Since folk-medicine techniques ostensibly develop over many centuries, one would think its practitioners would slowly come to realize that some practices are actually harmful rather than helpful. But, alas, it turns out our species isn’t always aces at connecting cause to effect. And so we keep using treatments that are several degrees worse than doing nothing at all.
One troubling case in point is traditional birthing in Timor-Leste, where infant mortality is unusually high by regional standards. The difference appears to be due to folk-medicine techniques that inadvertently cause harm to newborns:
“It happens quite a lot that when a mother gives birth, they stay by a fire for three months,” said Macu Guterres, the coordinator of the National Breastfeeding Association for the Alola Foundation, an NGO that supports women and children in Timor-Leste.
“They make a small bed beside the fire and sleep there while the fire burns 24 hours a day,” she said, explaining that the heat from the fire is believed to help dispel “dirty” blood from the body after birth.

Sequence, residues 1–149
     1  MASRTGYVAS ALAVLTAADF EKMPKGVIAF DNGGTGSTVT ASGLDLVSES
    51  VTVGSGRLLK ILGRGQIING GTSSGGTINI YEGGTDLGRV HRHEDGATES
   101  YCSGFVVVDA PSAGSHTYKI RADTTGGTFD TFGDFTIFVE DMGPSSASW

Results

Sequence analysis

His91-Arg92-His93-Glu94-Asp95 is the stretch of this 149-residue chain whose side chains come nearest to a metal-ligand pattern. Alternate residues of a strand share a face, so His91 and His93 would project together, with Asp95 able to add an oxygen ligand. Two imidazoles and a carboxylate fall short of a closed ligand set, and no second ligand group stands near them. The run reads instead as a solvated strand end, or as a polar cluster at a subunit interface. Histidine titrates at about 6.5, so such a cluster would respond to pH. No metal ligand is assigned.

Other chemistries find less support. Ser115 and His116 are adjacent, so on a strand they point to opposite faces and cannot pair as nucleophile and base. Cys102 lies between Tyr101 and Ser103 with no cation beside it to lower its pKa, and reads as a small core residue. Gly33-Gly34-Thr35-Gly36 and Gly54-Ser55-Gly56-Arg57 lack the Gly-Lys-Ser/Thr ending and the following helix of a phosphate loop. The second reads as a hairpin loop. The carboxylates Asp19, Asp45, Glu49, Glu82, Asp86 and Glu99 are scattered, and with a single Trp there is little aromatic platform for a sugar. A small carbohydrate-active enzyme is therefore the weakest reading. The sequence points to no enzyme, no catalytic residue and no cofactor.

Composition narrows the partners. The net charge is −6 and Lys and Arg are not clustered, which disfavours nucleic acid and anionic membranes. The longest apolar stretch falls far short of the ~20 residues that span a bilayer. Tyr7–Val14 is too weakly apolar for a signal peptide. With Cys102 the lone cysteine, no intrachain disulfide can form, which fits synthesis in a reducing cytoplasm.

“This can affect the baby’s health as well as the mum. The baby can develop asthma or may find it hard to breathe because of the smoke. It happens a lot in Oecussi,” she said, referring to the Timorese enclave deep inside Indonesian territory…
Traditional birth attendants (‘dukuns’), using traditional medicines and sometimes harmful practices, are common, especially in rural areas. The Alola Foundation estimates that only 10 percent of women in Timor-Leste give birth with the assistance of a skilled birth attendant.
Harmful practices by ‘dukuns’ include encouraging the mother to push before she is ready, and placing rice or other substances in the birth canal to “lure the baby out”.
Another common belief is that colostrum, the nutrient-rich milk mothers produce in the late stages of pregnancy and immediately after birth, is bad for the baby.
“They believe using water and honey instead of colostrum will wash the baby’s stomach and intestines and remove dirty blood,” Alola Foundation’s Guterres said.
Stamping out these folkways is no mean feat, as NGOs are often suspected of having impure motives. (In fairness, of course, there are historical reasons for East Indians to be suspicious of Western interlopers.)
Microkhan is not only curious as to how NGOs might best coax these harmful practices out of existence, but also why human beings are so often incapable of recognizing when certain cherished medical techniques need to fall by the wayside. (See: trepanation.) A little more global love for the scientific method certainly wouldn’t hurt.